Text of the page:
New Work

Mr. J. Arze, Virginia
by Nina Gates
Photograph by Andy Tran
36 x 48 Oil on Linen

Chef, outdoorsman, business owner, dog trainer and legendary connector of people–There is a fascinating article about Mr. Arze in the Washington Post, here.

What I love most about this portrait is that in telling the story of the relationship between Mr. Arze and his working dogs Blitz and Kuno, it says so much about who he is as a person. A gifted trainer, to see him work with these dogs and the way they respond to him is remarkable. As I painted the dogs, I came to understand so much about them. Blitz, the black and white dog (on the left as you look at the portrait) has won many awards and has a reputation for being the steady-Eddy. Solid and reliable. Blitz is a gentleman’s Pointer, and a true gentleman Pointer. Stalwart and brave, he’s the finest example of a working dog, and is entirely devoted to Mr. Arze. Kuno, the roan and white dog (on the right of the portrait) is younger and is a bit of a wild man. He’s energetic, still learning, and is more likely to make us laugh. I had planned to capture the dogs’ breeding and beauty, but I was also struck by how much character and emotion is communicated in their eyes and body language. Blitz’s face is Zen-calm. Everything about him—the way he sits, the noble way he holds his head, the look in his eyes—speaks of his confidence, experience and laser focus. Kuno’s posture and that little bit of worry on his face gives him away–despite his antics, his deep devotion to Mr. Arze is obvious and one can see how seriously he actually takes his duties. Both have a look of determination and readiness to work and I love the energy of the portrait.

“I remember …looking down at the dogs and just feeling happy with them and content with the day.”

Mr. Arze told me that the day was breezy, overcast and beautiful. He said “I remember standing in the field looking down at the dogs and just feeling happy with them, and content with the day.” I’m thrilled with how that comes through in the painting. Many thanks goes to the brilliant and breathtakingly talented photographer Andy Tran of Muddy Shutter Media. The best photographers and media production marketing company in the world today. One look and you’ll understand why I say this. If you have not yet experienced their powerful, flawless work, hold on to your hat–you can find them here.


Mrs. R. Schwalm, Texas
by Nina Gates
36″ x 48″ Oil on Linen

Mrs. R. Schwalm

Oil on linen

36” x 48”

Mrs. R. Schwalm, Detail- Leo
Wrapped and ready for crating.

By late afternoon we had captured some good photos in various outfits and poses and everyone was happy, relaxed and ready to celebrate with a glass of champagne. As I set up my tablet to browse the images, Mrs. Schwalm settled by the fire and kicked off her shoes. Leo and Charlie climbed into her lap, nudged and noodled until she made room and then promptly fell asleep. ( If you have a small dog you may be able to relate to be pushed to the far side of a chair.) A few minutes later Mr. Schwalm caught my attention, and glancing up, the sight took my breath away. Amber flames and the aureate cast of the fading sun bathed the room in gold. A diaphanous puddle of watercolor chiffon swirled around bare feet while sequins sparkled. The pearls seemed lit from within and even the sleeping dogs glowed in the firelight.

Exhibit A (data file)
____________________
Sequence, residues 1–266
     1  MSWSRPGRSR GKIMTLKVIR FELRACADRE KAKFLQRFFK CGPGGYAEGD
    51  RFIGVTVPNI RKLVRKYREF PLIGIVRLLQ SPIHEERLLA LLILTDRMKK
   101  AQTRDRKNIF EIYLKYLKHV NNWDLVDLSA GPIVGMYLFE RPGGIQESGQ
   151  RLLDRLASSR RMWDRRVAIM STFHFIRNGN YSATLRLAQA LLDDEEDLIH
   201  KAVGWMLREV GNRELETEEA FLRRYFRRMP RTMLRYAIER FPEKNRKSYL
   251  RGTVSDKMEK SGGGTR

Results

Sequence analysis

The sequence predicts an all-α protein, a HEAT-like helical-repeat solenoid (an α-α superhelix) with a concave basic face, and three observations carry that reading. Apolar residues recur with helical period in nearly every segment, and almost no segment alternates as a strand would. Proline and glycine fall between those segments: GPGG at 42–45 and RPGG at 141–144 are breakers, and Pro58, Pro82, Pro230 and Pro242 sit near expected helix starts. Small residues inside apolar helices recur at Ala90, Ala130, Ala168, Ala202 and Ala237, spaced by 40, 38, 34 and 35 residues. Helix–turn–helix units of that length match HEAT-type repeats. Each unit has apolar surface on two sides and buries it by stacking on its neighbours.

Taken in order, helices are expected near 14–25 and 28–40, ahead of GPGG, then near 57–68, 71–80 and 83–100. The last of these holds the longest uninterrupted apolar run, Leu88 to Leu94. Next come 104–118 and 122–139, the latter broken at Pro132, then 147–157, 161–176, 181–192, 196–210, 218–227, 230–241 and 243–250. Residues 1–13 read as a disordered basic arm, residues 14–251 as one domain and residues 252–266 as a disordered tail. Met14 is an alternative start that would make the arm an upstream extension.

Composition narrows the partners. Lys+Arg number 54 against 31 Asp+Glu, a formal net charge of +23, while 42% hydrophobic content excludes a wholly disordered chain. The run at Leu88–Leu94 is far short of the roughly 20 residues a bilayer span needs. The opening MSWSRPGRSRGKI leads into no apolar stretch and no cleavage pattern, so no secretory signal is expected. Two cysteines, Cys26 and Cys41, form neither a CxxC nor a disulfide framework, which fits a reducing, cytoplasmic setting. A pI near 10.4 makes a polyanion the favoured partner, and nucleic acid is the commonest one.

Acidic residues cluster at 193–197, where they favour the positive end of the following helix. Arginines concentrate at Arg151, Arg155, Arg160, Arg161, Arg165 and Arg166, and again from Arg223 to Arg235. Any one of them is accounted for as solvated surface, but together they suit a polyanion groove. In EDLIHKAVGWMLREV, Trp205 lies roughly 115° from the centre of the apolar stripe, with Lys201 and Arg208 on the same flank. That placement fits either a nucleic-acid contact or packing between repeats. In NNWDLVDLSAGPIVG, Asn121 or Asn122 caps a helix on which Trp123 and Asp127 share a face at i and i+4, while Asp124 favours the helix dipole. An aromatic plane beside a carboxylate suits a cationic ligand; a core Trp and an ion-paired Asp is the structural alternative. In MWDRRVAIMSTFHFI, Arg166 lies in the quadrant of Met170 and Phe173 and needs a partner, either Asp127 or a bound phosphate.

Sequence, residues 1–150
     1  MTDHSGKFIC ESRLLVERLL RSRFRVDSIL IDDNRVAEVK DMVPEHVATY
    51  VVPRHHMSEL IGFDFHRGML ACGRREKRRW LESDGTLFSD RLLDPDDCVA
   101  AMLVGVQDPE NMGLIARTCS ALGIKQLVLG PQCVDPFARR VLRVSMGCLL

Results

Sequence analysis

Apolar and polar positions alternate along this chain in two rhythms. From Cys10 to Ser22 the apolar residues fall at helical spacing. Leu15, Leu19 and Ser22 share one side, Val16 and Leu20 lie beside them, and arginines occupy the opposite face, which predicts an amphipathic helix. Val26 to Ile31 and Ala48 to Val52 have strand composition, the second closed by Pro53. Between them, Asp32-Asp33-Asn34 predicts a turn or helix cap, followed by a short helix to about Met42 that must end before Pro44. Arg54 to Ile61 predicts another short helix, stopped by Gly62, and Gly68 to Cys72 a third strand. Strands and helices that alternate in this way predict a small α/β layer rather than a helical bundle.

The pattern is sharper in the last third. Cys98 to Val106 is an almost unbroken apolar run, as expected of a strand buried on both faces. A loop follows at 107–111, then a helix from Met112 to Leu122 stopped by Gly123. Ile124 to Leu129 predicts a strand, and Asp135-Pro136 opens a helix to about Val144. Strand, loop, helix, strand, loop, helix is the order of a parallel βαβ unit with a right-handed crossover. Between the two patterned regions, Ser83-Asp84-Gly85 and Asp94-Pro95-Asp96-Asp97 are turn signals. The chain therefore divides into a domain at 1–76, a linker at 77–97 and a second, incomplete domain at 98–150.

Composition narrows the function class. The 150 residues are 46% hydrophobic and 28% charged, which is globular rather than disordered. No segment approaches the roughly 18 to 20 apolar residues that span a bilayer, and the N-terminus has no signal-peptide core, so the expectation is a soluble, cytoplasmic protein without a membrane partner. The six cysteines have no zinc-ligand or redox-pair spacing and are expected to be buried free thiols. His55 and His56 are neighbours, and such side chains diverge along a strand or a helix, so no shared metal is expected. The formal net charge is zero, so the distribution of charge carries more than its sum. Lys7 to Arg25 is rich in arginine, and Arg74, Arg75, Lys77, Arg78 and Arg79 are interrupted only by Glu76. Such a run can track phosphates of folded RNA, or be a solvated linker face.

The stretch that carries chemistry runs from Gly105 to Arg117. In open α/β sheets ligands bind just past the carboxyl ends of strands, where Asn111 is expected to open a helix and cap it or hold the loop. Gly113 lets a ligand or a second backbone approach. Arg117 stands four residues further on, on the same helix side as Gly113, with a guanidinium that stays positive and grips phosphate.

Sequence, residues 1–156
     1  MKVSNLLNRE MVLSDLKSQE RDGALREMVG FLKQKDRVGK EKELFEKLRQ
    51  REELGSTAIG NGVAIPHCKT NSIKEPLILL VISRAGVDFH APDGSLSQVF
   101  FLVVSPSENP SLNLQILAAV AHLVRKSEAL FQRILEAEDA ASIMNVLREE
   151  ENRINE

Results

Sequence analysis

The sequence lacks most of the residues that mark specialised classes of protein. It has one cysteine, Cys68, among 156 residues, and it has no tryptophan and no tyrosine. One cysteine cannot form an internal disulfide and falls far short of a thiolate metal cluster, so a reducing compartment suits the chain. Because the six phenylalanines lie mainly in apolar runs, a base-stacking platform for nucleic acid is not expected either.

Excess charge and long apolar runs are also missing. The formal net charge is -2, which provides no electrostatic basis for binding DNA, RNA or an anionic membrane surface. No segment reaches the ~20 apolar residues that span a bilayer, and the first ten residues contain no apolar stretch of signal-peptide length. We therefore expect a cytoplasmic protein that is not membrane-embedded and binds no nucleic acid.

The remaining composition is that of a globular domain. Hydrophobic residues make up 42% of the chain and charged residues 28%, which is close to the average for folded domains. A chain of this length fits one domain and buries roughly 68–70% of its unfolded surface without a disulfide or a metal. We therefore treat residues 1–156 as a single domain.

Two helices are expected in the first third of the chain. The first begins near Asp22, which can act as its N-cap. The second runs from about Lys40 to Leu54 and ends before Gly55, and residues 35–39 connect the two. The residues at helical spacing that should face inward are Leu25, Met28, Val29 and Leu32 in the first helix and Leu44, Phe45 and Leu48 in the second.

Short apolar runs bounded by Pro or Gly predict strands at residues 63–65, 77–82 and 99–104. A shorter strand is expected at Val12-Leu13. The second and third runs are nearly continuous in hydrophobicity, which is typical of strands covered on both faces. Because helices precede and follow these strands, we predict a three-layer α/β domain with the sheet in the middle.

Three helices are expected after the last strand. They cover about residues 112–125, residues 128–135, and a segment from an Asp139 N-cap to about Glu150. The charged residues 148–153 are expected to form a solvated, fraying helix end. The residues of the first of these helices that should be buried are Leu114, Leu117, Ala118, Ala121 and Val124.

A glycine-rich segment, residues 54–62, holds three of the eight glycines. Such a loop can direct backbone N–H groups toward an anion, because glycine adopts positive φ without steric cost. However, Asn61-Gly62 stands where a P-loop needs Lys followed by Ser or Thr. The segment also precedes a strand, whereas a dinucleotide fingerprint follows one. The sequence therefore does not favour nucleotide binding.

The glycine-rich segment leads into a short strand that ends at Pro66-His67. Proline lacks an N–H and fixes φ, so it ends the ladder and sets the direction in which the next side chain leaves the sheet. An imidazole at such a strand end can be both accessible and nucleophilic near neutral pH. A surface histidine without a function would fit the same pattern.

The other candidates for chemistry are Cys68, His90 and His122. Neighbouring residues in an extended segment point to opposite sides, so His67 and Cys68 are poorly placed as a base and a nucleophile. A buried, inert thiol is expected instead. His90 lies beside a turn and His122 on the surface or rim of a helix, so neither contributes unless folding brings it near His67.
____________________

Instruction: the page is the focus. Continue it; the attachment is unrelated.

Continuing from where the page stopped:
And so that’s the portrait I painted. “To see it in person,” someone said recently, “it just stops you in your tracks. You almost can’t pull your eyes away. It’s hard to walk away from the painting so everyone just stands and gazes for a long time.”

Mrs. Schwalm rarely sits down. Energetic, busy and kind, her days are spent in a whirlwind of activity usually helping others and she’s almost always smiling or laughing. The poise and repose in her portrait–thoughts turned inward in quiet contentment, the private smile, the contemplative evening light–is an aspect of her character that one senses but that the public rarely gets to see. I believe that’s why the painting feels entrancing and mysterious.

To see it in person…it just stops you in your tracks. It’s hard to walk away from the painting, so everyone just stands and gazes for a long time.

You may wonder how to choose an outfit or pose for your portrait. Perhaps you can’t decide if you want a formal portrait, a casual portrait or a painting that’s somewhere in between. I listen to your ideas, and we sort through ideas in a way that’s easy and fun. In any case, rest assured that your painting will be timeless.

A great portrait is so much more than a likeness of you; a timeless portrait helps tell the story of your life. Like your life, it’s filled with harmonies and contrasts. The nuanced way these details commingle is how I’ll capture your humor, elegance and character in this wonderful medium known to last hundreds of years. When family and friends see your painting tomorrow, and when people look at your painting 200 years from now, they should get a sense of your spirit. We’ll choose the details of your portrait based on these considerations, and if you like, or if need be, we can take photographs in a variety of outfits and poses.

Learn more in “Commissioning a Portrait,” here.

 

 


“So many happy thoughts and memories are captured in this painting. It marks a milestone in my life as well as the beginning of a new adventure. I love it, my family loves it, and I’m delighted it will be here for generations to come.”

Mrs. R. Schwalm
Texas